Tag Archives: Adam Sandler

Interview: The Cast of Grown Ups 2 Brings the Antics Home

Grown_Ups_2A nine percent on Rotten Tomatoes? What nine percent on Rotten Tomatoes? Despite not getting much love from the critics, in 2010, Grown Ups still went on to delight audiences with a group of grown men cracking jokes at funerals, pranking each other while they sleep, and taunting their basketball opponents, ultimately blowing away expectations, nabbing $271.4 million at the worldwide box office and securing itself a sequel.

In Grown Ups 2, the gang is back together again, but this time, the shenanigans go down in their hometown. Lenny (Adam Sandler), Roxanne (Salma Hayek) and the Feder kids relocate to where Lenny grew up, just around the corner from Eric (Kevin James), Marcus (David Spade), Kurt (Chris Rock) and their families. In celebration of the last day of school and the start of summer, Lenny’s persuaded to throw a party at his house, but before getting to relive their former glory days, the guys must deal with territorial frat boys, a runaway tire, family drama, a moose, and more.

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Our Suggested New Year’s Resolutions for Hollywood

New-Years-Resolutions-for-HollywoodWhile we’re all busy trying to shed some pounds, save some money and/or quit smoking, you know what the folks in the film industry are up to? Making movies, of course. Per usual, 2012 was a year of Hollywood ups and downs, and the industry can learn from both, so by considering the past and looking forward to the future, here are some New Year’s resolutions the film industry should keep in the coming year.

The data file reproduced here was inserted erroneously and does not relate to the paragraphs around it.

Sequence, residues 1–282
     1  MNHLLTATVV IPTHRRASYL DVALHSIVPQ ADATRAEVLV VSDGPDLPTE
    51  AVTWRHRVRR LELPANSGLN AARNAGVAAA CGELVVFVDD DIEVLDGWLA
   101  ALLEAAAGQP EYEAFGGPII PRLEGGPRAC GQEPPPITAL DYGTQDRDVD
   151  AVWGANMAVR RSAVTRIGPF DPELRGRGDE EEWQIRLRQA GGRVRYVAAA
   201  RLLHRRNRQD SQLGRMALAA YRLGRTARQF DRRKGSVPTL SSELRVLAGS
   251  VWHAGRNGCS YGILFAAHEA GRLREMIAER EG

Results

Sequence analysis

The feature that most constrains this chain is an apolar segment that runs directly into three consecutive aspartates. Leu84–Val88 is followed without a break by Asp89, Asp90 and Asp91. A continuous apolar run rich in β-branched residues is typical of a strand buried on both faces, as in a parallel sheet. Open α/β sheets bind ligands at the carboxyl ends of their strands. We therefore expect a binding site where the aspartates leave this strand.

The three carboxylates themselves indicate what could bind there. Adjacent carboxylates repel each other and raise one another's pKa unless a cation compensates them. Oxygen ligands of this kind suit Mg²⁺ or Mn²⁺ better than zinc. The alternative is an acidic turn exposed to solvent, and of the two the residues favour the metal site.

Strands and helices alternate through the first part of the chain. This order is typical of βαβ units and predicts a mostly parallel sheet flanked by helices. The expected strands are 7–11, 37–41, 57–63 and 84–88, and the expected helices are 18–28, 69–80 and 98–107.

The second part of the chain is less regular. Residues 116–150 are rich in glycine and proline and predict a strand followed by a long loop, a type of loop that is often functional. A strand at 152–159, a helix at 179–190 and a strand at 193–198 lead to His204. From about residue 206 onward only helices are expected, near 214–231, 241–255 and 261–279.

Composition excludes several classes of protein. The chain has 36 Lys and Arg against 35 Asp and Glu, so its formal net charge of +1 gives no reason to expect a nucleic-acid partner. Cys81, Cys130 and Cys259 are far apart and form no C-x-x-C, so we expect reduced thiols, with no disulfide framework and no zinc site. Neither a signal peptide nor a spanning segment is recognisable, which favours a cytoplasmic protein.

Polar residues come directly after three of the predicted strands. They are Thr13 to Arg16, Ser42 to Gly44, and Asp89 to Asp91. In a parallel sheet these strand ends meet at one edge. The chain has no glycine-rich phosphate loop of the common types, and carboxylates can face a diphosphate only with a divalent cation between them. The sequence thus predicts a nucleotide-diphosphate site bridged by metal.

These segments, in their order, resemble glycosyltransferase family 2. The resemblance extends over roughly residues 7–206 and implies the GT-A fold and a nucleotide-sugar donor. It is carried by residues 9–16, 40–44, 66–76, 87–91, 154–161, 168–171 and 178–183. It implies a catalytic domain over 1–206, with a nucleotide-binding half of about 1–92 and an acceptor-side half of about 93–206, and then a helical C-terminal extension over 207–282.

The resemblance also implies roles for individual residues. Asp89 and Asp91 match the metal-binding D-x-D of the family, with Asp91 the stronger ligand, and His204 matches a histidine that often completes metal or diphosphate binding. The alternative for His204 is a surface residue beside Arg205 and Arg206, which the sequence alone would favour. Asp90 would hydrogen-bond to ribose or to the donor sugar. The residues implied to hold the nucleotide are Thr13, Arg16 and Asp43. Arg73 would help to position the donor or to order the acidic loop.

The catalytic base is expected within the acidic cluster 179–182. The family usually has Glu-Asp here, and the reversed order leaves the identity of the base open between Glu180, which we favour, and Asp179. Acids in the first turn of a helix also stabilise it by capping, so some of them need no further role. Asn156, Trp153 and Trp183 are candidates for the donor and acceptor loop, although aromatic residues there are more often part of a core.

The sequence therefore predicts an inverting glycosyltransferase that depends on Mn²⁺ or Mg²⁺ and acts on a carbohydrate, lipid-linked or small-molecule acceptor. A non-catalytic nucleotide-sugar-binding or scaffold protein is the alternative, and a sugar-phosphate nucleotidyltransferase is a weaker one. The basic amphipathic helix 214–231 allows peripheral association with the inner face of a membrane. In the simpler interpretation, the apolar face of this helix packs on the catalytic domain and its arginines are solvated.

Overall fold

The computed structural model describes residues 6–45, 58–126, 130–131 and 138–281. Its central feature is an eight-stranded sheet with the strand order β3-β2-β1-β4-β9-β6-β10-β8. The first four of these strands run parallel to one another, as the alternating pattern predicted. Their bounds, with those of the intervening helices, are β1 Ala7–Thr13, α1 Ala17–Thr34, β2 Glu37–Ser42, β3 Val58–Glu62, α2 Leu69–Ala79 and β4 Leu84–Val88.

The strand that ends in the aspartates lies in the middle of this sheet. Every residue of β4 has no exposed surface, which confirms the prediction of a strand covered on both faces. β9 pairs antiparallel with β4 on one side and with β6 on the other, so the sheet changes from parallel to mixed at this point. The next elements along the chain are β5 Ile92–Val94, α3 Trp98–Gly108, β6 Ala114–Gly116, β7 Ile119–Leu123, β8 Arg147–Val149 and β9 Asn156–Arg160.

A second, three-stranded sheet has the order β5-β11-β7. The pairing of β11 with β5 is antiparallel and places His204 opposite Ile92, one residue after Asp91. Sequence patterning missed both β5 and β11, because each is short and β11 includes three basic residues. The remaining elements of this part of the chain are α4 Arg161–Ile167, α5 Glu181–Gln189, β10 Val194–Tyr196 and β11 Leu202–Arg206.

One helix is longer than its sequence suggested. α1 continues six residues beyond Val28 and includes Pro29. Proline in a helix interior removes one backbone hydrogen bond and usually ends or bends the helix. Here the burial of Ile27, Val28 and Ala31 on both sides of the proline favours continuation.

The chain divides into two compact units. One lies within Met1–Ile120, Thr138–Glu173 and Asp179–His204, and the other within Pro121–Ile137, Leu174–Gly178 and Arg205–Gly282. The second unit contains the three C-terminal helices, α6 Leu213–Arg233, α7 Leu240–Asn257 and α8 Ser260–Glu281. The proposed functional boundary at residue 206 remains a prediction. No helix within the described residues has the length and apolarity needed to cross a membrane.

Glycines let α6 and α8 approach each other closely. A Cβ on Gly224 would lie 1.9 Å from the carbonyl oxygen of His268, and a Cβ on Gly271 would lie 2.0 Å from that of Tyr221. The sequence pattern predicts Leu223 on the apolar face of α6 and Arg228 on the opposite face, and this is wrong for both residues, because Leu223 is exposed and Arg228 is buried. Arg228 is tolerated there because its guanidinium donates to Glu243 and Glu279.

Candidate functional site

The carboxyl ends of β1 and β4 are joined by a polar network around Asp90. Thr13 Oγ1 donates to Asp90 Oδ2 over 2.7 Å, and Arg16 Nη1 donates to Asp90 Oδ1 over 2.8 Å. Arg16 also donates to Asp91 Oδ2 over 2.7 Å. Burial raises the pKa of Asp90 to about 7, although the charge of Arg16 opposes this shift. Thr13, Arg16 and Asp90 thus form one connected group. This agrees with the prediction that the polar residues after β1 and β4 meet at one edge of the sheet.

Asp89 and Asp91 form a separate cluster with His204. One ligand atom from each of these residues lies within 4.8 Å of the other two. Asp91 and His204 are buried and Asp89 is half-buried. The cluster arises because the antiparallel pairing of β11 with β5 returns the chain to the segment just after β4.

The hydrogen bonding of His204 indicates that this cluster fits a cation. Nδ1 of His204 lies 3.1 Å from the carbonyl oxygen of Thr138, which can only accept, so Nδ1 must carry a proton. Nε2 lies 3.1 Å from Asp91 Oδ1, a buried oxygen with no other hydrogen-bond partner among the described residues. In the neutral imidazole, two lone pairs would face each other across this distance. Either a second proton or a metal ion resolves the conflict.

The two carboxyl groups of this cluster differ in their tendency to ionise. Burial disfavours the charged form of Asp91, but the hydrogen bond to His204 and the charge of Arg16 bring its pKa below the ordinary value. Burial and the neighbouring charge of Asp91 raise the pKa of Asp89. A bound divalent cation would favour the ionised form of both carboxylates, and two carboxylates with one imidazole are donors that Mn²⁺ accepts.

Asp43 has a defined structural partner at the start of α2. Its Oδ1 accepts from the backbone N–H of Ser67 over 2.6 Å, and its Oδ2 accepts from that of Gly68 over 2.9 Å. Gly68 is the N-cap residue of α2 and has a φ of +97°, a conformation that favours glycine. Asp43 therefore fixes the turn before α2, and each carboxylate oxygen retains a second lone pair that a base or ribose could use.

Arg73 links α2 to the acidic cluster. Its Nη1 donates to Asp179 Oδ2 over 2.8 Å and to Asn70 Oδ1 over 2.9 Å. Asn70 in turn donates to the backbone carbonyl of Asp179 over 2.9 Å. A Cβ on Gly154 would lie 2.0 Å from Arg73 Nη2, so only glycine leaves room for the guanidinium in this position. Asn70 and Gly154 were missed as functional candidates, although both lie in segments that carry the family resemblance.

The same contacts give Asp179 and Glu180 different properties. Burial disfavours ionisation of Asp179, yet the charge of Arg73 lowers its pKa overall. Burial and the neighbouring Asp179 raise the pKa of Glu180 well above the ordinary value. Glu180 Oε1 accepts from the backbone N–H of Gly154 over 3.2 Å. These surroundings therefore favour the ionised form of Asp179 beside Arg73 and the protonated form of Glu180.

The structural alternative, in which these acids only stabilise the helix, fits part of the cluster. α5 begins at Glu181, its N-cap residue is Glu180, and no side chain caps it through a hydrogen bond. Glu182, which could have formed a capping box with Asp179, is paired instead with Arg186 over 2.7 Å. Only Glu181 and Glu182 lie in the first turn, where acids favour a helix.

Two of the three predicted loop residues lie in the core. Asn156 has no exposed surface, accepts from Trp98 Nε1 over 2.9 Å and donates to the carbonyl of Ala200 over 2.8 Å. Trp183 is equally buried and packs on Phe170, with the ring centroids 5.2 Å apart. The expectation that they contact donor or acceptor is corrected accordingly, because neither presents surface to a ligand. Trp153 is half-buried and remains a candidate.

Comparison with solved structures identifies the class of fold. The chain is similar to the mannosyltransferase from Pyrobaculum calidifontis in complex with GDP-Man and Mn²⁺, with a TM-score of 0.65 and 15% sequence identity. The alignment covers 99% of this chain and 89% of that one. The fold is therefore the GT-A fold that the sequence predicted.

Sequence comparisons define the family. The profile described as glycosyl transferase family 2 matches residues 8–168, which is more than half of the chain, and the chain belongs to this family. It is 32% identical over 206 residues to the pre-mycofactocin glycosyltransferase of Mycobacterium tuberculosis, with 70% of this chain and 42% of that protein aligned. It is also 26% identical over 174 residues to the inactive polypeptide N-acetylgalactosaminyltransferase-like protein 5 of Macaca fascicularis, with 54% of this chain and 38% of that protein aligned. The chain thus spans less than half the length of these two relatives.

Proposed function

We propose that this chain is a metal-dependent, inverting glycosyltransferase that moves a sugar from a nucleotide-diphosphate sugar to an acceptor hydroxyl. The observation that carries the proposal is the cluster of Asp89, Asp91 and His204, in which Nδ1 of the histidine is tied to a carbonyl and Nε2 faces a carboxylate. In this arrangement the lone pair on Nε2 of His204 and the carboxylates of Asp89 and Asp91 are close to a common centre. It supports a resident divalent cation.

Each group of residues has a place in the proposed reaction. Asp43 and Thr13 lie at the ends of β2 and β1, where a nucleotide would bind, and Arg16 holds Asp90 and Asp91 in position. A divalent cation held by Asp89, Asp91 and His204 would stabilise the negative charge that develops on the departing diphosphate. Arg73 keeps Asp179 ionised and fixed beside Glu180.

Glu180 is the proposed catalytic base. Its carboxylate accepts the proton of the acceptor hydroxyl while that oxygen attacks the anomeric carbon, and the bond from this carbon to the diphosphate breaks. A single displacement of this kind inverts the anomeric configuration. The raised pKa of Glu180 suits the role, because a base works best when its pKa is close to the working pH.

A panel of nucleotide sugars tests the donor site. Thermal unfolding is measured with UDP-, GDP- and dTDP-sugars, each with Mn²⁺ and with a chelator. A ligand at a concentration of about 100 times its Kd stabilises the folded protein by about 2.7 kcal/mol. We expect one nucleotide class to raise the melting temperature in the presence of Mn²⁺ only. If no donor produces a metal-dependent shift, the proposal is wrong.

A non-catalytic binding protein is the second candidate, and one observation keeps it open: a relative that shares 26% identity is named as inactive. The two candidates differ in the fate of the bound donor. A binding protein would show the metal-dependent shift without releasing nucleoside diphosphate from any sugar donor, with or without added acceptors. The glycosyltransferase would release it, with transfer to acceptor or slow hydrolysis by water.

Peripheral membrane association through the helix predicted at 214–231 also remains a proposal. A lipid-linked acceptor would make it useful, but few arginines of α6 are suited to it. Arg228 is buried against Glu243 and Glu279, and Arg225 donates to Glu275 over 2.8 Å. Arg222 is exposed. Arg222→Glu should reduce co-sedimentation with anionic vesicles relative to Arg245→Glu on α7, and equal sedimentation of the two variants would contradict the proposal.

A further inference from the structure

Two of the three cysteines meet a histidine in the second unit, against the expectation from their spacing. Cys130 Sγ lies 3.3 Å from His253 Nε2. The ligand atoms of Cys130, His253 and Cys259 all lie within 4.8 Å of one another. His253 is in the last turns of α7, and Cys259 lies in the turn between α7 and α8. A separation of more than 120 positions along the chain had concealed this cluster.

Think Long and Hard Before Going 48 fps

No, Hollywood shouldn’t nix the idea of going 48 frames per second entirely, but filmmakers do need to find an appropriate way to use it before shooting a feature length film – let alone three. The Hobbit: An Unexpected Journey looks fantastic about 50% of the time, when Jackson’s camera is stagnant either to capture a beautiful landscape or particularly crisp character close-ups, but the moment that camera moves or an intense battle scene enters the frame, the footage takes on this terrible video-like quality. A sad story for The Hobbit trilogy, but 48 fps clearly does have a plus side, so before we run off for another 266-day shoot or bury the concept entirely, why not just figure out how to put it to the best possible use?

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Director Genndy Tartakovsky Unveils A Sneak Peek At Hotel Transylvania

What can you expect from Sony Pictures Animation’s Hotel Transylvania? Candy eyeballs, gummy worm-topped cakes and fogging drinks, of course! Okay, you probably shouldn’t have your hopes up for all of that, but come September 28th, Hotel Transylvania should offer up all the fun you’d hope for in a comedy packed with animated versions of your favorite mythical monsters.

However, it’s not September 28th just yet, so in an effort to get us in the Hotel Transylvania spirit, just like in the movie, the folks behind the film planned a 118th birthday party for Mavis, Dracula’s daughter and the character voiced by Selena Gomez. There were party hats, appropriately themed treats, the opportunity to take a photo with Dracula’s hotel in the backdrop and more. As much fun as the party portion of the event was, it was easy to leave behind as a sneak peek of the film awaited us in the theater.